Queensland mother found guilty of laundering almost $22k for Nigerian scammers


Updated

September 06, 2018 14:28:00

A Queensland mother of two has escaped jail time after being duped into money laundering almost $22,000 for Nigerian scammers.

Catherine Cherry, 44, was found guilty of money laundering in the Rockhampton District Court in central Queensland on Wednesday.

What do scammers want out of you?

If they know enough about you, scammers can:

  • access your bank accounts
  • take out loans in your name
  • lodge false tax returns or BAS statements
  • claim Centrelink or other government benefits
  • access your client or employee records
  • gain access to your superannuation

Source: Here’s what you need to know to avoid being scammed at tax time

While the charge carries a maximum sentence of 26 years, Mrs Cherry was given a 12-month suspended sentence because — unlike most people engaged into that activity — she was totally unaware of what she was doing and had not profited at all.

It began in 2016 when Mrs Cherry wanted to buy a new smartphone for her daughter and an offer she saw on social media seemed too good to pass up.

“It was cheap for a modern iPhone and there was free shipping from overseas,” she said.

“It said it was from the UK town where my husband was from so we felt it was all legit — it had the store name and the photo of it.

“We placed the order and they contacted us back and said ‘it won’t be freight-free because it’s to Australia, so you’ll have to buy more goods to make up the freight price’ and it all went from there.”

Thousands in family savings sent to scammers

Over the next 18 months, Mrs Cherry incrementally sent $50,000 of her family’s savings to the scammers, who continued to send her emails with excuses about why her goods had not arrived.

“They said ‘you need to pay more money for more goods’ — then they just had so many glitches in the story, they need more money to come through customs and that sort of thing — more delays.

“Nearly every week they’d go ‘oh we need more money’ — then they’d say it was stuck in Nigeria.

“We had our little doubts but we’d paid for about five items in the end, paid for the freight, paid for so-called customs certificates so you just want to get what you’ve paid for.

“I’d had enough of it but it [was] always in my mind that we just wanted our goods, even though we’d lost a lot of money.”

Goods never received as laundering scam ramped up

Mrs Cherry never received the smartphone or any of the other goods she ordered and paid for, but the scam did not end there.

“Eighteen months after we first made the purchases he said: ‘I’ve done a job in Australia, I need to get paid, I’ll get them to transfer the money into your account and you can pay it back to me’,” she said.

“I just thought I would help him out because he said he will help me get the goods in return.

“That was the way I was bought up, to be an honest and caring person … but maybe that has caused me more harm [than good].”

Unbeknown to Mrs Cherry, the money was stolen and she was laundering it for criminals.

She saw almost $22,000 arrive into her account, she withdrew it all and then deposited it into another account — as directed by the scammers.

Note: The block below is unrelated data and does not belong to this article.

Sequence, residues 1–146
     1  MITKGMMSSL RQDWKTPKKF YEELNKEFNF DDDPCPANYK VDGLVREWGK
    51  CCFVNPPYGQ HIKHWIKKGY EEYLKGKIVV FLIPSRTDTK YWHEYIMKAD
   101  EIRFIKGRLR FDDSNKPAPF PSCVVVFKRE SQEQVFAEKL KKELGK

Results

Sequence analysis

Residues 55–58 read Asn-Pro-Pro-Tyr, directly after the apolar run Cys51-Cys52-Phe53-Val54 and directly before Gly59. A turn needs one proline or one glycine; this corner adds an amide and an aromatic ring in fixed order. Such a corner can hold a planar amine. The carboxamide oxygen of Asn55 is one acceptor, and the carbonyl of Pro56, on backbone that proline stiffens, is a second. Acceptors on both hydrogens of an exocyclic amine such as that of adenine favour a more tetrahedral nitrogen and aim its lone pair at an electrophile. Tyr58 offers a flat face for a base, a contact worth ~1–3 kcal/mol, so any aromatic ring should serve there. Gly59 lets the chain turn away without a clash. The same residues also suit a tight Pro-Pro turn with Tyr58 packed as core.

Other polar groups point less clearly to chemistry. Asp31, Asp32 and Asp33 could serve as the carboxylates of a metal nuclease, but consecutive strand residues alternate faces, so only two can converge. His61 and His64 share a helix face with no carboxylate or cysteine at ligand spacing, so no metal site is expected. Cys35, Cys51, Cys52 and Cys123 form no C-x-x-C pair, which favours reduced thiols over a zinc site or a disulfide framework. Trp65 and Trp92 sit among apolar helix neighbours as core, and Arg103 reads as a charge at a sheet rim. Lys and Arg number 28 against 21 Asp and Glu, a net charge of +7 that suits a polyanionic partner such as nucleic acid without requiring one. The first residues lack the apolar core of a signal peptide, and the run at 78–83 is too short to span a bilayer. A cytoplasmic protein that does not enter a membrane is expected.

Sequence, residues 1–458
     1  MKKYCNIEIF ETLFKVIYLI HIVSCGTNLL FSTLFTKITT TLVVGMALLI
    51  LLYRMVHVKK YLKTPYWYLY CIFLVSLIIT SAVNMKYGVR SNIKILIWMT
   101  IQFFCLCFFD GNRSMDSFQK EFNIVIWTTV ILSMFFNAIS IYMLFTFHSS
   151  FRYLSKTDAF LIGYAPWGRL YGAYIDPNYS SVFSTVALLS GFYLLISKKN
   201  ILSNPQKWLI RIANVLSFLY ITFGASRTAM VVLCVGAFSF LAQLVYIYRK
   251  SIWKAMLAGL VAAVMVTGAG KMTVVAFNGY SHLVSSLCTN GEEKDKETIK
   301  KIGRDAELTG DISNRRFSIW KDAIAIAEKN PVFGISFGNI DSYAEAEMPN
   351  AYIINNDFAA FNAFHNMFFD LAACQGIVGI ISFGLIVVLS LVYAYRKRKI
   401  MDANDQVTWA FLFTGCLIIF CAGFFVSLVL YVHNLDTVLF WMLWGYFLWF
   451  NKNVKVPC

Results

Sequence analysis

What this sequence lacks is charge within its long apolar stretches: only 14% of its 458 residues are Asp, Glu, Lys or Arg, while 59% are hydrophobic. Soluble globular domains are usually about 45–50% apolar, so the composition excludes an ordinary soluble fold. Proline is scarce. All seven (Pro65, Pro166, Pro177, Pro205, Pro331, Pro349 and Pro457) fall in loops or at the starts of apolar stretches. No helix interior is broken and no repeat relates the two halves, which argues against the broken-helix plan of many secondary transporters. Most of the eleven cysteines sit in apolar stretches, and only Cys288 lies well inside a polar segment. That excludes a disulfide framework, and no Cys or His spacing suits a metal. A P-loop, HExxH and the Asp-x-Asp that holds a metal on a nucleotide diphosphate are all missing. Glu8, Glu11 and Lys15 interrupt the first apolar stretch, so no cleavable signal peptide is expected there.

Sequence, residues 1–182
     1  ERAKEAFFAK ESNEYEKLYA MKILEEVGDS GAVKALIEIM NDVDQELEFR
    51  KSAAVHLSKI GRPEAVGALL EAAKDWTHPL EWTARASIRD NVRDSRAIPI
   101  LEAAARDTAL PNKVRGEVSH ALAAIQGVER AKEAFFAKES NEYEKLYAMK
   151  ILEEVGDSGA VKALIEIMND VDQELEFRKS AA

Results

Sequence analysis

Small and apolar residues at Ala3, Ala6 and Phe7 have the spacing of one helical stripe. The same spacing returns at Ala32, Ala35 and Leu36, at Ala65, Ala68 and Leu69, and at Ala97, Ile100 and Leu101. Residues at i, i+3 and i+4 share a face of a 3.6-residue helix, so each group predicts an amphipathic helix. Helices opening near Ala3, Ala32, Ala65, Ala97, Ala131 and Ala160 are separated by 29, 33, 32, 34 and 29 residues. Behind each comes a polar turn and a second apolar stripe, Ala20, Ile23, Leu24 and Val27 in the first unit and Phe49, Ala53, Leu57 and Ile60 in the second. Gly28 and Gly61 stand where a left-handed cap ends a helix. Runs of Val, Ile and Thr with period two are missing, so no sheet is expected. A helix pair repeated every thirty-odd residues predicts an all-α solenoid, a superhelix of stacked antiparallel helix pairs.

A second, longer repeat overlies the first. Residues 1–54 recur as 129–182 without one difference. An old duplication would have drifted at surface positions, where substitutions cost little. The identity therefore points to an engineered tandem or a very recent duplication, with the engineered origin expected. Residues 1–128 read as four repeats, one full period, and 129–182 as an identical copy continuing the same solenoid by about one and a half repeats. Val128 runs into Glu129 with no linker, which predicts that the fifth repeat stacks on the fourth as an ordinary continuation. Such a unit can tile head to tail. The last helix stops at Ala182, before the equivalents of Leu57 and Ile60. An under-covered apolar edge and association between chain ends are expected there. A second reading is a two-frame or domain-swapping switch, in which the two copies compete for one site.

Confusing and frightening experience

Mrs Cherry had not realised she had committed a crime until the police came knocking on her door.

“Up until the day before the police came I was still paying money for the postage of the goods,” she said.

“They had a warrant — they were looking for a large lump of cash, they went through the house and the bedrooms.

“Then I was arrested and taken to the watch house for photos and so forth and then I was allowed out on bail until my court hearing.”

For the normally law-abiding woman who attends church and volunteers at her children’s tuckshop, it was a confusing and frightening experience.

“I was shaking for hours,” Mrs Cherry said of when she was arrested.

She found out the scammers had used her bank details to create fake invoices that were sent to legitimate businesses.

The businesses paid the invoices believing they were real but the money was actually going into Mrs Cherry’s account.

‘If it seems too good to be true, it probably is’

In sentencing, Judge Michael Burnett said while Mrs Cherry’s actions were naive, she was not alone.

“The old saying ‘if it seems too good to be true, it probably is’ should have sprung to mind when you were contacted by these people,” Judge Burnett said.

“It’s obvious to me from a number of other decisions that have been placed before me, that there are a number of other people like you in the community who are sufficiently gullible to fall for these Nigerian scams.”

Judge Burnett sentenced Mrs Cherry to a 12-month sentence, wholly suspended.

Considering the charge comes with a possible sentence of over 20 years, Mrs Cherry was relieved, despite the fact she now has a criminal record.

She has one piece of advice for people who might want to buy a cheap phone or help a foreign businessman in a sticky situation.

“Don’t do it, buy local,” Mrs Cherry said.

Topics:

fraud-and-corporate-crime,

law-crime-and-justice,

consumer-protection,

internet-culture,

information-and-communication,

human-interest,

courts-and-trials,

people,

rockhampton-4700,

qld,

australia,

brisbane-4000

First posted

September 06, 2018 13:39:51



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